Governor Hochul speaking to interested groups
"To own a pet is a blessing and we owe it to the animals of New York to keep them safe and healthy, Dogs of all breeds deserve loving homes and no one should have to fear losing their insurance coverage based on the dog they own. In the same vein, veterinarians who see signs of abuse in their patients should be safeguarded so they can report said abuse to the proper authorities. I am proud to sign these bills into law to ensure the wellbeing of pets across the state."
With that and a stoke of her magic pen New York State governor Kathy Hochul signed into law S.4254/A.4075 and S.5023A/A.5823-A. The first of the two bills prohibits unsavory increases in insurance premiums for home owners and renter’s based solely on the breed of a dog. Therefore, if you have a Siberian Husky and want insurance for your rental property, you now can’t be charged an increased premium due to the breed of the dog.
The second bill attacks what many have considered the underbelly of animal cruelty. The people most likely to see the footprints of such cruelty are veterinarians. However to date there were no provisions to protect the identity of the veterinarian from vengeful reactions. The new law mandates all vets in New York State to report all cases of possible animal cruelty to the authorities for investigation. Furthermore it ensures the confidentiality of the reporting veterinarian thus avoiding recrimination.
Assemblyman Linda Rosenthal, a champion of animal rights in New York for many years said “Violence against animals is often predictive of violence against people, particularly domestic violence, and it is vital that we do everything we can to root out both. Putting a halt to animal cruelty at the first sign will help protect both pets and people from future harm. Veterinarians are uniquely positioned to spot signs of animal abuse, and with this new law, they will be better able to aid in the fight against animal cruelty. I thank Governor Hochul for signing this critical piece of animal protection legislation into law.”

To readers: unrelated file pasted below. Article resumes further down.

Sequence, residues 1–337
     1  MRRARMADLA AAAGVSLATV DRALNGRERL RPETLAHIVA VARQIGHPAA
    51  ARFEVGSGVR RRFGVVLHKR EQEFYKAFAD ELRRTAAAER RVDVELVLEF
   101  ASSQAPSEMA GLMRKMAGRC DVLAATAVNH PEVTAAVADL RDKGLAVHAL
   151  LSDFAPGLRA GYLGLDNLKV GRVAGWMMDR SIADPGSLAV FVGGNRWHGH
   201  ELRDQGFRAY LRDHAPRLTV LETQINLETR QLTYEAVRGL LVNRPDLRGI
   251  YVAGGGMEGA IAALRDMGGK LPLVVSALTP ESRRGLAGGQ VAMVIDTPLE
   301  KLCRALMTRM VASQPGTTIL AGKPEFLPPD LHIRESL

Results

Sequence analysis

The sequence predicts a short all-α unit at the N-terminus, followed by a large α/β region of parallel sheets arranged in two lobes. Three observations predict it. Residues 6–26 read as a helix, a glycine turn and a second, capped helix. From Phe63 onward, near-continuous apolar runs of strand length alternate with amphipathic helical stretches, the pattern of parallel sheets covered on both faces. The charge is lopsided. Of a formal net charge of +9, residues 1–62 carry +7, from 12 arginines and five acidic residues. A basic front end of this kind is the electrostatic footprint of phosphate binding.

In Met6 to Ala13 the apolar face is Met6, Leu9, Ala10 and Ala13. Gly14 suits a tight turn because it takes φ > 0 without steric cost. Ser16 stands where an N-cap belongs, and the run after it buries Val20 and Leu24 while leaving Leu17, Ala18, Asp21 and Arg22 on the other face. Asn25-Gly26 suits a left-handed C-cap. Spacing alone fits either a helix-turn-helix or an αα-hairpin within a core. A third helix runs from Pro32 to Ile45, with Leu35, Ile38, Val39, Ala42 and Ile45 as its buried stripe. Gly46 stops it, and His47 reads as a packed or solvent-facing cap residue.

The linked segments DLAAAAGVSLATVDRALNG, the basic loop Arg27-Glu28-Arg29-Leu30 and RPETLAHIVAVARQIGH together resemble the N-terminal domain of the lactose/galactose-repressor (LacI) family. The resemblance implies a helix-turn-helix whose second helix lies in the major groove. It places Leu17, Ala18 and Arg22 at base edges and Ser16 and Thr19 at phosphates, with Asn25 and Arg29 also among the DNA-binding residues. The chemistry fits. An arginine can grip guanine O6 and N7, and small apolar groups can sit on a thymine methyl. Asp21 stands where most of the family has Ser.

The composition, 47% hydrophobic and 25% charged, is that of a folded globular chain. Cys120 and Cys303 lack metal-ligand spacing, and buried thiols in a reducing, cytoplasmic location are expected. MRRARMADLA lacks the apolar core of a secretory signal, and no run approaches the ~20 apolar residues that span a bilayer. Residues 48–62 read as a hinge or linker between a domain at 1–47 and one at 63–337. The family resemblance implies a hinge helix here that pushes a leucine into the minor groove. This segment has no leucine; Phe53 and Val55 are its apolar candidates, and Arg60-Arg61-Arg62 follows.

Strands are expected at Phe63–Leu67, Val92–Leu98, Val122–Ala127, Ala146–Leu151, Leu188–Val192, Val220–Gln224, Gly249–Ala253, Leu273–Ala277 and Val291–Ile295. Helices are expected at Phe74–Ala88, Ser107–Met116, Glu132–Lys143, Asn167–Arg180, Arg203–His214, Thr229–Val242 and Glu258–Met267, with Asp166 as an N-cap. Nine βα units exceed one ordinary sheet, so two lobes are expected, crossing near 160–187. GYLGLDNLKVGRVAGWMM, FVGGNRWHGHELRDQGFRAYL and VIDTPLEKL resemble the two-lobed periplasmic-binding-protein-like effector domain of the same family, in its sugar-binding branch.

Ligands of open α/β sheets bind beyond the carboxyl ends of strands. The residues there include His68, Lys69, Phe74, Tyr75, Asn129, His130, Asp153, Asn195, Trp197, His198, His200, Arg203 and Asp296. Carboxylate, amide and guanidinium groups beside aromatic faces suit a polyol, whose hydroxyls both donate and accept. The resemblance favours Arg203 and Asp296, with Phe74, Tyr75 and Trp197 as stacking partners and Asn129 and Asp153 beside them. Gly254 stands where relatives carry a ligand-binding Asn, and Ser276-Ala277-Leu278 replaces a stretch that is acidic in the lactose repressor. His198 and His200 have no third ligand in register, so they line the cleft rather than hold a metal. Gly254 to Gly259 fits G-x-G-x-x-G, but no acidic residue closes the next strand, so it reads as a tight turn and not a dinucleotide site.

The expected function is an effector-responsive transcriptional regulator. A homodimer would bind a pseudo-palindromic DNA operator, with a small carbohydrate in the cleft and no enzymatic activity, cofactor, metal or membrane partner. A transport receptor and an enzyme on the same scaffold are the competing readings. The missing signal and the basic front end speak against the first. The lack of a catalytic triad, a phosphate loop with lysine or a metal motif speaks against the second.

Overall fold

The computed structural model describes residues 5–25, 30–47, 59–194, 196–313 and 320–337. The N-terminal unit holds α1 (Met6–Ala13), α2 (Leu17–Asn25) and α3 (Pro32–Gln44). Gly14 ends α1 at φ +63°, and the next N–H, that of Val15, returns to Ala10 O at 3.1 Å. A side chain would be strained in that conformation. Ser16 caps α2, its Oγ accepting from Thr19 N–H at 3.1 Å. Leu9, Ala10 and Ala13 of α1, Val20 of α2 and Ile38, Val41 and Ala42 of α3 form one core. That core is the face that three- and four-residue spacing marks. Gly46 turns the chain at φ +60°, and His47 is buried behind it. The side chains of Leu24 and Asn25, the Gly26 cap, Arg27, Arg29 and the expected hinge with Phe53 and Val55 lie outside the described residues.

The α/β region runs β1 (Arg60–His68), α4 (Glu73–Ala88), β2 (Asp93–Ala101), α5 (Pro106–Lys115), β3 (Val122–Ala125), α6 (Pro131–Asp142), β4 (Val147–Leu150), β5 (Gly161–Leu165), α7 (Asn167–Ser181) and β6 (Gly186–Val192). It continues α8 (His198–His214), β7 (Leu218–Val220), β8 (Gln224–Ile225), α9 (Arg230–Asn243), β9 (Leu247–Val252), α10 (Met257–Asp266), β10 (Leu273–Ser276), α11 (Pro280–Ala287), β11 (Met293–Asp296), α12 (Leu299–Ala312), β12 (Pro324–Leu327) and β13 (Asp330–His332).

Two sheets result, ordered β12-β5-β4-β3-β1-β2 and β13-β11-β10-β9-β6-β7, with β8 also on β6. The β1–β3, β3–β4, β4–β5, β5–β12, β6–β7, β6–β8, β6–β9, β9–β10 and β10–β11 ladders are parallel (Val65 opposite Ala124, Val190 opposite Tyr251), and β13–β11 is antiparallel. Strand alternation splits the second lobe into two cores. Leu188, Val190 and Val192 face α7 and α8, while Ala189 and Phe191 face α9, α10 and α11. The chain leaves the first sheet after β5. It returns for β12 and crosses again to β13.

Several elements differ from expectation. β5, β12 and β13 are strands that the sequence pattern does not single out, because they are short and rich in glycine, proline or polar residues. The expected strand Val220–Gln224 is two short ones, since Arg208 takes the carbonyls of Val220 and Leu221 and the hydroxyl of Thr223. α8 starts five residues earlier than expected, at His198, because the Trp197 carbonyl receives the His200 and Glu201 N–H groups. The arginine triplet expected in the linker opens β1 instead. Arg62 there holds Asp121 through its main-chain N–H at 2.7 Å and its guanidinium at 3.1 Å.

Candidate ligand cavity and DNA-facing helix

While on the surface these may seem tepid steps against a gargantuan animal problem, success in this arena comes at glacier pace. Both bills address different issues from good and rational perspectives. The latter bill regarding veterinarians will certainly put many more animal abusers in jail and off the streets over the coming years! New York, the third largest state in the Union, is moving progressively towards becoming an animal friendly state. Joining California, the two giant states hope to be the leaders of the movement as the nation moves towards the more humane and constructive treatment of the animals we are given charge of.